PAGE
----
The program offers moral support and bolsters skills needed to meet the challenges of today's labor movement
By Carrie Stetler, Rutgers Today
It didn’t matter that Rutgers teaching assistant Megan Geerdts belongs to a union set in academia, and the other women she met on Monday were postal workers, transit workers, and plumbers.At the Northeast Regional Summer School for Union Women, held last week at Rutgers Labor Education Center, she felt an immediate sense of solidarity.
“Their saying is, ‘never let a sister walk alone. From the beginning, there was so much camaraderie,’’’ said Geerdts, 24, a member of the Rutgers Council of the American Association of University Professors-American Federation of Teachers. She was attending the program as a winner of the Berger-Marks scholarship for young union activists, awarded by the Berger-Marks Foundation, which helps union women organize.
A broad range of union leaders, academics, and rank and file members from across the Northeast convene at the annual conference, which began in 1975. They attend classes on the global economy, collective bargaining, leadership skills, and labor history.
This year, the school will commemorate the 100th anniversary of the Triangle Shirtwaist Factory fire, which killed 146 workers, most of them immigrant women, and helped jumpstart the U.S. labor movement.
But the program also arrived at a time of widespread anti-union sentiment, when politicians from New Jersey to Wisconsin have sought to curb the bargaining power of unions and slash benefits and pensions for public sector workers. They have portrayed unions as greedy and out of touch with the average taxpayer.
“It’s really important for women to know the history of their own unions and the source of some of the attacks that are being perpetrated,’’ said Janice Fine, assistant professor at the Rutgers School of Management and Labor Relations, who teaches a class at the summer school. “There are no easy solutions to the fiscal crisis, but public sector unions have been targeted.’’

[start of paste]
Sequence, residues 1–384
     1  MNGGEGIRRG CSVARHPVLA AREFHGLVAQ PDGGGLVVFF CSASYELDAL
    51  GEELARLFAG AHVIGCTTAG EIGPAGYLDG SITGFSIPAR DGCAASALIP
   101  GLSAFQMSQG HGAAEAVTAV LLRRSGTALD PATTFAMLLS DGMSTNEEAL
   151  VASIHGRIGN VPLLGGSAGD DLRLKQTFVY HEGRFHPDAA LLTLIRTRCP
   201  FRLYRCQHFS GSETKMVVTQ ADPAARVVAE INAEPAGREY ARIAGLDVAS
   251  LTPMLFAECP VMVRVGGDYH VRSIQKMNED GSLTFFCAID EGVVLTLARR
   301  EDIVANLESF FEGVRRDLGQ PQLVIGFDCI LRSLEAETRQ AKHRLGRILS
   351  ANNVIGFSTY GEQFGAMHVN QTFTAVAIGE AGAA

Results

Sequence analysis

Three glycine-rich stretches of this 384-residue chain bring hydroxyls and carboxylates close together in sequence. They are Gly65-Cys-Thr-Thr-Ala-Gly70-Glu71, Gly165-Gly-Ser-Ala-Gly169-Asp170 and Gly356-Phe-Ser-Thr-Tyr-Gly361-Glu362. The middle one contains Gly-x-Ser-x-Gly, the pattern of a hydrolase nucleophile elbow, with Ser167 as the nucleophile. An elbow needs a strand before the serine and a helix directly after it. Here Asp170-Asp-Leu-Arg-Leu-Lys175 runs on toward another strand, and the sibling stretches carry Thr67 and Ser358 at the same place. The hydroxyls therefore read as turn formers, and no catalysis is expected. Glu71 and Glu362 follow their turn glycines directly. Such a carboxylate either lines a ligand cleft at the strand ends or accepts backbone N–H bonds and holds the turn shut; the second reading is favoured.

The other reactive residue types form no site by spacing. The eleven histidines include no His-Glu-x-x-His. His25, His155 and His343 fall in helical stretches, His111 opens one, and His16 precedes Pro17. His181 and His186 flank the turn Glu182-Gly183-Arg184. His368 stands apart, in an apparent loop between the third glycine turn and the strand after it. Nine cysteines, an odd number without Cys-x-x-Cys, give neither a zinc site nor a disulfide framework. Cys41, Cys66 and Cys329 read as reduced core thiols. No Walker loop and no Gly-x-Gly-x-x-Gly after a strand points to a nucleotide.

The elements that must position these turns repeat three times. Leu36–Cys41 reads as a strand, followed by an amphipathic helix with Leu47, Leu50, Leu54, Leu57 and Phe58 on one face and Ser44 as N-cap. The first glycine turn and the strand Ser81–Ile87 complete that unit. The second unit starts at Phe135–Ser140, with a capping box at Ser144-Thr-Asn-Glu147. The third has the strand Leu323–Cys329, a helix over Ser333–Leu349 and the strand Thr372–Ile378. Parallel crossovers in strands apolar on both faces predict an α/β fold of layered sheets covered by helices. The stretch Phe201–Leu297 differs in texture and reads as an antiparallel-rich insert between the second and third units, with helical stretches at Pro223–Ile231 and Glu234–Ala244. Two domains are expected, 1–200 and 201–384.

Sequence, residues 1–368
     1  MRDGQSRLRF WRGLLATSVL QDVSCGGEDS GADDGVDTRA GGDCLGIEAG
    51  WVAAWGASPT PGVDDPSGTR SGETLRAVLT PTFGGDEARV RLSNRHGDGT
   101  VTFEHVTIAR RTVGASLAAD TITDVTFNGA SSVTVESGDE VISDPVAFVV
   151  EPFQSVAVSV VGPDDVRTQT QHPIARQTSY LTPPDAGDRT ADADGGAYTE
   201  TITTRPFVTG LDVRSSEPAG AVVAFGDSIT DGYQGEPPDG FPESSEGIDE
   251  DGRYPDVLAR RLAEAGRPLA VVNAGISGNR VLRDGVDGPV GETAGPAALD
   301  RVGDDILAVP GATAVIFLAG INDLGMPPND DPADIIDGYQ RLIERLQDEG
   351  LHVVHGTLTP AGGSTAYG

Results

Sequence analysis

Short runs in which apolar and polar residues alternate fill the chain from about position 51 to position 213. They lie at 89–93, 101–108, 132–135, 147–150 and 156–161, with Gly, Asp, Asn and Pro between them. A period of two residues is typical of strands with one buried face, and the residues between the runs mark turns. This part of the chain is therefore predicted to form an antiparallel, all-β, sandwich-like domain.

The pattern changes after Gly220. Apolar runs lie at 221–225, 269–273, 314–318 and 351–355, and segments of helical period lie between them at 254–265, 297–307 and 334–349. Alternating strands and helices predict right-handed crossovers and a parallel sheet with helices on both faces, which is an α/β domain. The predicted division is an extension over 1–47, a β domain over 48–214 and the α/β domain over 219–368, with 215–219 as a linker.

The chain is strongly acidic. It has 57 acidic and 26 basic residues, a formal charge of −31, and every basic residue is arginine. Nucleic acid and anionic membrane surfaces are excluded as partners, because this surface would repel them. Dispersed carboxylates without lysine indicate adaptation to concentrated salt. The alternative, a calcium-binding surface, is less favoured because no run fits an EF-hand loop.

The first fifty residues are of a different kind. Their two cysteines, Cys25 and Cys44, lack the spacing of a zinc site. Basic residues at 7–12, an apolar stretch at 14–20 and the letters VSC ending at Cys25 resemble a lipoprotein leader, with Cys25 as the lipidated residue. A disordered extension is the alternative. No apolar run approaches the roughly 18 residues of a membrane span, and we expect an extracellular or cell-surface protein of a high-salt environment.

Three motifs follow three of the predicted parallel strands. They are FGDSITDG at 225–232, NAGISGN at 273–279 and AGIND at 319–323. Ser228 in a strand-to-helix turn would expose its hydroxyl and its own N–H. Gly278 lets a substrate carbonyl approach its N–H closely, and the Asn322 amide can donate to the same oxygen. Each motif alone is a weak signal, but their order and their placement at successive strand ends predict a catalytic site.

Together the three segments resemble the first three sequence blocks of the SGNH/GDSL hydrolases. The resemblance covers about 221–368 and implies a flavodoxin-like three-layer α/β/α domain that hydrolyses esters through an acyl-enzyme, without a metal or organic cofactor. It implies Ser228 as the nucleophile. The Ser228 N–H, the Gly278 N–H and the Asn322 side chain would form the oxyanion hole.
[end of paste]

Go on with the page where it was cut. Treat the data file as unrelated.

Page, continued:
This year especially, the summer school was a place to find moral support and inspiration, she said. “It’s good for them to come together and encourage each other and acknowledge that it's been a tough year.''
Jenelle Blackmon, an instructor and former student at the school says it arms students with a renewed sense of purpose.
“Whenever you bring together a source of strong-minded women, not only do you create a sense of unity, you create a sense of focus and drive,’’ said Blackmon. “We come together and solve problems and come away with a sense of direction about what we need to do.’
The summer school was modeled after the Bryn Mawr Summer School for Women Workers, founded in 1921 by the president of Bryn Mawr college, M. Carey Thomas.
“This was really radical at the time. Not only to have a summer school on a college campus for workers but for women workers,’’ said Donna Schulman, librarian at the Labor Center’s Carey Library and a program organizer who has also taught classes for union women.
Today’s summer school switches to a different college campus each year. In the past it has taken place at Penn State and Cornell University, among others. To host the program, schools must have a labor education center. The school has been held at Rutgers every five years since the year 2001.
Although she’s relatively new to unions, Geerdts, who is pursuing her doctorate in developmental psychology, wanted to attend because she's troubled by the sense of “apathy’’ among her generation. She said she realized it was important to take an active role when she grew concerned with health insurance issues and salary freezes at Rutgers. “I want to get students on my campus involved,’’ said Geerdts.
Blackmon knows how much today’s women workers owe to union organizers of the past. But when she mentions the word “union’’ to young women who say they want a voice in the workplace, many aren’t interested, says Blackmon, a staff representative for Local 1040 of the Communications Workers of America.
That’s why its important to remind the public of lessons learned from tragedies like the Triangle Fire, say participants. “The fire really acted as a spark toward activism on a lot of different levels. For workplace safety regulations, health regulations and just the right to be able to work for a decent wage,’‘says Schulman.
Fine cautions against a nation without unions “Issues that were raised by Triangle are issues that are still with us now,‘’ she said. “It’s just as important for us today to help defend workers’ rights.''